Cream puffs at the Potholes
SHELBURNE FALLS — Combine the village’s scenic attractions with a family recipe for cream puffs, bake them daily with local cream, local wheat and maple syrup, and what have you got? Lindsay’s Emerald Store and Confections at 1 Deerfield Ave.
This new sweet shop near the Glacial Potholes also brings Shelburne Falls Coffee Roasters products back into Shelburne Falls, and sells other specialty treats, including teas, old-fashioned sodas and gift items.
Store owner Wendi Warger of Buckland says she grew up on her mother’s homemade cream puffs and thought about going into business for at least two years.
“My mother (Hilma Raffa) taught me her recipe for cream puffs and six months ago, I thought this was what I was going to do — become an entrepreneur,” she said.
“I worked at UMass and had a good job. But I just decided I’m going to go and do something that is mine. I thought it was perfect to name (the business) after my daughter.”
Warger left her job as a business manager at the University of Massachusetts Amherst and began making her business plans for the shop, which she rented in January. Her husband, Kelly Warger of KSW Home and Building Services, redid the shop, including installing two stainless steel convection ovens.
The cream puffs come in two sizes, mini and regular, and they can be ordered “on a stick” for those who want to snack on a cream puffs as they walk the village. They are made to order, from pastry baked that day. The “Grammy Puff” (Mom’s recipe) is puff pastry with vanilla filling and chocolate frosting drizzled on top. Warger said she may offer other cream puff flavors that will vary seasonally. The cream comes from the local Our Family Farm dairy cooperative, the Northfield-grown wheat in the pastry comes from Four Star Farm, the eggs come from Windswept Farm just over the Vermont border, and the maple syrup comes from the Bergeron Sugar House in Leyden.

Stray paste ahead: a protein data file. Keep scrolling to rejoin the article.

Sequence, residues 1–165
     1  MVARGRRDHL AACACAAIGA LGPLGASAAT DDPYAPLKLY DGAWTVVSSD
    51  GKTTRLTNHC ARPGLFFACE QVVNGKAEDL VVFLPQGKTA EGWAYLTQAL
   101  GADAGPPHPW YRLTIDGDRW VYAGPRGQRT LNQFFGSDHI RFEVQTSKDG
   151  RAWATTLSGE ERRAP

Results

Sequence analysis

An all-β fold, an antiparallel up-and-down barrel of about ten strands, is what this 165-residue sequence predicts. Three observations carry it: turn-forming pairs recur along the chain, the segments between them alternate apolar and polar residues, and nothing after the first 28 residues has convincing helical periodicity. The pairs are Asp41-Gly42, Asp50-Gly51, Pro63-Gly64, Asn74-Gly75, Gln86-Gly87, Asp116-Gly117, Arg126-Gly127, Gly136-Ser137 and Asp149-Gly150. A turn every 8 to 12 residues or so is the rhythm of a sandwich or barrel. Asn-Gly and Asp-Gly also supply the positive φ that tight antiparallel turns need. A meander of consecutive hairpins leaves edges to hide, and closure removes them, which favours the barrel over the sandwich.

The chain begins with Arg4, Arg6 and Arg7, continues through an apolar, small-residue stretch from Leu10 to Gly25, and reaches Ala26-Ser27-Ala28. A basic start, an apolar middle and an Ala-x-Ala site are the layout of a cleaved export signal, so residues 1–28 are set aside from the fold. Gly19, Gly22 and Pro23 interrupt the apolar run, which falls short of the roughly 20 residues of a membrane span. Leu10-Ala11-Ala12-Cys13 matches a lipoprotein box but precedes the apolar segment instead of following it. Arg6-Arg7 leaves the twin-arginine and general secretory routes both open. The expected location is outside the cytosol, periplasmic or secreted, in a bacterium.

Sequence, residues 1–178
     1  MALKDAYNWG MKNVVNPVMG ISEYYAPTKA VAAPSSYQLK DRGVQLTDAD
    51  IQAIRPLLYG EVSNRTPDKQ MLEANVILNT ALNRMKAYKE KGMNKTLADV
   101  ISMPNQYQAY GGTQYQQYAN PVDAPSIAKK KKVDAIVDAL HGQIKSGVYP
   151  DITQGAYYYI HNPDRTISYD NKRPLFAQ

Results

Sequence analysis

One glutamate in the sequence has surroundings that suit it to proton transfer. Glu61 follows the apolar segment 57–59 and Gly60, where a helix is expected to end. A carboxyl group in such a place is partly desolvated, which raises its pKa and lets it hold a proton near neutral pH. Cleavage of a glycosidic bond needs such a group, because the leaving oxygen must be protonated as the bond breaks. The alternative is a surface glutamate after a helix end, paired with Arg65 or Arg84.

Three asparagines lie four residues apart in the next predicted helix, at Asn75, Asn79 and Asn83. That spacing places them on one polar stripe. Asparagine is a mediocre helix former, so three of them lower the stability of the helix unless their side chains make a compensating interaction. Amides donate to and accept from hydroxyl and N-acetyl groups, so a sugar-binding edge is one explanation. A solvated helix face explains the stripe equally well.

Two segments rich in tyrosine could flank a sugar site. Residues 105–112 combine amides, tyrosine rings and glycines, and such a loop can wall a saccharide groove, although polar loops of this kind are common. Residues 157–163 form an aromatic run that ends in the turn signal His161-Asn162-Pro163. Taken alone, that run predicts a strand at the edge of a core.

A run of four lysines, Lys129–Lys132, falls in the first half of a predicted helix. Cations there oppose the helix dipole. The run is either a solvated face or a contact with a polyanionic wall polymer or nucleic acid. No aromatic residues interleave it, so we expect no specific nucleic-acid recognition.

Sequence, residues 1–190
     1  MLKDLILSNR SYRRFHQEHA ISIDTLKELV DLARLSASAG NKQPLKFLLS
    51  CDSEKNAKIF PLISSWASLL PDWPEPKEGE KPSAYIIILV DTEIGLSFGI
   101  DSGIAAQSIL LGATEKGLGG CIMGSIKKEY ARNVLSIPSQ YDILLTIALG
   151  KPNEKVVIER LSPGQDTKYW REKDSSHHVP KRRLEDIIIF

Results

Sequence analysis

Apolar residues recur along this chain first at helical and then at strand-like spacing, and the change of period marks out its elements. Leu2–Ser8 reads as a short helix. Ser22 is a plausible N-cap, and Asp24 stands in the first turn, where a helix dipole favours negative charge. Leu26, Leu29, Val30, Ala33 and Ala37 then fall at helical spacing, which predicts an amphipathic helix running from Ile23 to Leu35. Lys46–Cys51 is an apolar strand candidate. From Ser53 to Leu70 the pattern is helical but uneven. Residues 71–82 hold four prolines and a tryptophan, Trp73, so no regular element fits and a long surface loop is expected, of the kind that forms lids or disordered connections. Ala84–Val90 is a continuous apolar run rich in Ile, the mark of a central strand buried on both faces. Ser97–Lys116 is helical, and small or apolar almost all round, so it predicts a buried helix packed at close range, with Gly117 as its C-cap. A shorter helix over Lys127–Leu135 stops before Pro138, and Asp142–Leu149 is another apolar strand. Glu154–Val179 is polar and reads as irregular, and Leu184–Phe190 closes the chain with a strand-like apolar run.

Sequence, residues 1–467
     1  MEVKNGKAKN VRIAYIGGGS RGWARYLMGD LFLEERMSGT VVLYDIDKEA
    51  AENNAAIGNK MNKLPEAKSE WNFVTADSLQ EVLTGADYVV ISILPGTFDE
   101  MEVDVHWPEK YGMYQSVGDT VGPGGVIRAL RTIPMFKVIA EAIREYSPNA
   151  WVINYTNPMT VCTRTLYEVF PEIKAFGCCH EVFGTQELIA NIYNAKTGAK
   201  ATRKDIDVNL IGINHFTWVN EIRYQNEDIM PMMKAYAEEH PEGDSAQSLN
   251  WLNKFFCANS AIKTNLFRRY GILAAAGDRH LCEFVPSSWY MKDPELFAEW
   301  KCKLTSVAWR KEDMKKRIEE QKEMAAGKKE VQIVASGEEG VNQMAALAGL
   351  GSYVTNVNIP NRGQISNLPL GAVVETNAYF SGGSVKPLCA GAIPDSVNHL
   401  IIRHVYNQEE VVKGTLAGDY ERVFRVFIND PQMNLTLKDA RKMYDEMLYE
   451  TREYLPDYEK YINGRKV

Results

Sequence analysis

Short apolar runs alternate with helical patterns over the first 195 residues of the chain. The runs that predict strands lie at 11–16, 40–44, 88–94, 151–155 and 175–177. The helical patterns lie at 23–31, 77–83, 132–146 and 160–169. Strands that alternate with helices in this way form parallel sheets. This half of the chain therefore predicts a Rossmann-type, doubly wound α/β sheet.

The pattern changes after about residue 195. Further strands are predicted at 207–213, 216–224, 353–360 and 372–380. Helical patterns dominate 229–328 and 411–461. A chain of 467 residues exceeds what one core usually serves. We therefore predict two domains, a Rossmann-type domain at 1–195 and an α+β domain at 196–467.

Also there are “grab-and-go” frozen cream puffs for those who want to take them home. Warger says they could be kept frozen until needed, or they may thaw within an hour, but the cream will still be fresh.
Besides Simpson Spring cream soda, root beer and sarsaparilla soda, the shop carries Boston Harbour Tea, “the tea with a history,” made by Great Britain’s oldest tea merchant, whose tea was dumped into the Boston Harbor during a second “Boston Tea Party” on March 7, 1774.
McCrea’s caramels come in exotic flavors, ranging from dark roasted mocha to rosemary truffle sea salt. Also offered is True Nut Co.’s roasted almonds, flavored with maple and various spices.
The non-edible treats include vegan, preservative free soaps that look likes slices of cake, but smell like ice cream sherbert, lilacs and lemon grass. A line of hand-made soy candles look and smell like ice cream sundaes and Easter jelly beans.
For now, the shop is open Wednesdays through Mondays, from 10 a.m. to 6 p.m. daily. Warger says the shop may be open longer hours as summer approaches. The phone number is 413-489-3044.
You can reach Diane Broncaccio at: firstname.lastname@example.org or 413-772-0261, ext. 277